I have read your many archives and there you suggested to backup regularly.
I agree. But honestly I want to know that backup images (I use Paragon Backup
& Recovery) can be infected by virus? I’ve 500GB of HDD and I backup all my
data regularly to my another 100GB partition but if virus still can infect
those image files then what does it worth?
Does that make the backup useless? Absolutely not. I’ll
explain how the backup continues to remain both important and valuable even if
it happens to contain malware.
And finally, I’ll review how to avoid the situation in the first place.
The simplest scenario is this:
your machine becomes infected with malware
before any anti-malware tools clean it up, you backup your machine
If you’re doing system/image backups, you’ve just backed up the malware. Even if you’re just doing data backups, it’s possible that you’ve just backed up the malware.
In addition, if you backup by simply copying files, then the backup location may also be vulnerable to direct infection. Say you periodically copy the contents of your My Documents folder to an external drive to back them up. Malware comes along and scans your machine for all “.doc” files and infects them – both in your My Documents folder, as well as the backup files you have stored on your external drive. It’s just an example, but some malware does work this way – scanning your machine for files or drives to infect.
The good news is that most common backup tools actually collect the files being backed up into a single large archive. Acronis, for example, creates “.tib” files containing your backed-up system or data. While theoretically possible, once these backups have been made even if they remain online and accessible, they’re not typically vulnerable to further infection.
But yes, it’s quite possible for a backup to contain malware, through any of a number of scenarios that depend on exactly how you backup.
The Value of an Infected Backup
While an infected backup is something to be avoided it’s not the end of the world, and doesn’t invalidate the backup.
If a backup is infected there are generally two scenarios where it’s still extremely valuable:
Restore uninfected files. If you’ve backed up your entire system with an image backup, for example, there’s nothing that says you must restore the entire image. Most backup programs will let you extract and restore specific files and folders from that image. Since an image backup by definition has everything, you know that the data files you care about are there – so in case you need them you can restore just those files, by-passing any malware that might be elsewhere in the backup image.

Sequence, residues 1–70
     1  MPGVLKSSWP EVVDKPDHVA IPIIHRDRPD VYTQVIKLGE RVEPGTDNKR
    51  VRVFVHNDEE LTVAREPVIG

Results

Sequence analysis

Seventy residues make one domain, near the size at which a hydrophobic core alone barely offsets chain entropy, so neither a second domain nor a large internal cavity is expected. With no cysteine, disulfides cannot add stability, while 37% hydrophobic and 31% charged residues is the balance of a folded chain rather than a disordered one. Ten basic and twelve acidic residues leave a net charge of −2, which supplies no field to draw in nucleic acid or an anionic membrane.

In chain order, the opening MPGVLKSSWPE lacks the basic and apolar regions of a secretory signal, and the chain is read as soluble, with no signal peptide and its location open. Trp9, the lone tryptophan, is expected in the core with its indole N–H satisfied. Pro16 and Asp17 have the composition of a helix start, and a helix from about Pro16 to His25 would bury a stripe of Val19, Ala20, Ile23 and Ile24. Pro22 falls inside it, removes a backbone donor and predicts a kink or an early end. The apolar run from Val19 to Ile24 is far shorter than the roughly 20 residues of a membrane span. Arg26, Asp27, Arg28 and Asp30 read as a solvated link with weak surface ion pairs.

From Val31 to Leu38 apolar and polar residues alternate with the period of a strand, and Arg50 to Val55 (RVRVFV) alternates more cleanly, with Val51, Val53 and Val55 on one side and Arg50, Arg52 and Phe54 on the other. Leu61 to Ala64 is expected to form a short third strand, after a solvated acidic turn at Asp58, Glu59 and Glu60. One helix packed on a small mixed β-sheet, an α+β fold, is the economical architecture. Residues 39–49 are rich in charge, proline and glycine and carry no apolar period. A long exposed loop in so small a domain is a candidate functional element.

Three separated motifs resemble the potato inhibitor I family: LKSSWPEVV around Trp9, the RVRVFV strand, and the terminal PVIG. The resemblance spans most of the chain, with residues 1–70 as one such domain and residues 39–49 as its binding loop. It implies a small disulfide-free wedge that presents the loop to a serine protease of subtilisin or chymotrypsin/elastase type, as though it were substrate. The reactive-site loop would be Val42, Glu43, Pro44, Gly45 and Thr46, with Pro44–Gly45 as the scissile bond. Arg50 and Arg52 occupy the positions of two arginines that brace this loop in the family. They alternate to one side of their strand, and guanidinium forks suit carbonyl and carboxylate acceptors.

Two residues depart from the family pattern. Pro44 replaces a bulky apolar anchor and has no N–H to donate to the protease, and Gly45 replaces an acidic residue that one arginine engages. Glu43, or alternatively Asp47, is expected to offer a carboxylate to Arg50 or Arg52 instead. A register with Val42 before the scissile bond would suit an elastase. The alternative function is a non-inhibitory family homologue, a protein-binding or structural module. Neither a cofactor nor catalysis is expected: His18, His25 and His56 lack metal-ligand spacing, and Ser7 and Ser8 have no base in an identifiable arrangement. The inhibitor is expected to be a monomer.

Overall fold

Restore & Clean. Your backup’s infected, and you know it. That means you know to take extra precautions should you need to restore it completely. For example, you might restore to a different disk and then immediately run up-to-date anti-malware scans on the restored data. Or you might disconnect your machine from your network, restore the system image and then once again immediately run up-to-date anti-malware scans to rid it of the infections. It’s not guaranteed, it’s not ideal, but it’s one way of getting what you need from that backup without having to throw it away completely.
“It’s not ideal” is the truth – there’s no getting around that you might be restoring in infection when you restore an infected system image. That doesn’t invalidate the backup, but it does mean you have to be careful and take additional steps to stay safe.
Avoiding the Problem
The ideal is very simple: don’t get infected in the first place.
If people put as much energy into preventing infection as they did into recovering from (or planning to recover from) an infection, I’m convinced it’d be much less costly overall.
And the rules are ones we all know: keep Windows up to date, don’t click on links in email that you aren’t absolutely positive are valid, don’t open attachments or file transfers that you’re not expecting or from people that you don’t know, and so on.
If you don’t get infected in the first place, then you won’t be backing up an infection. Very simple.
Another approach to reducing the impact is to keep your backups for a while. If you perform a daily backup, for example, then on Wednesday you realize that on Tuesday your machine became infected and you backed it up, you can simply restore to Monday’s backup before the infection occurred.
Put your energy into staying safe in the first place. Then, if somehow you end up with an infected backup, be sure to take care should you use it to recover your data.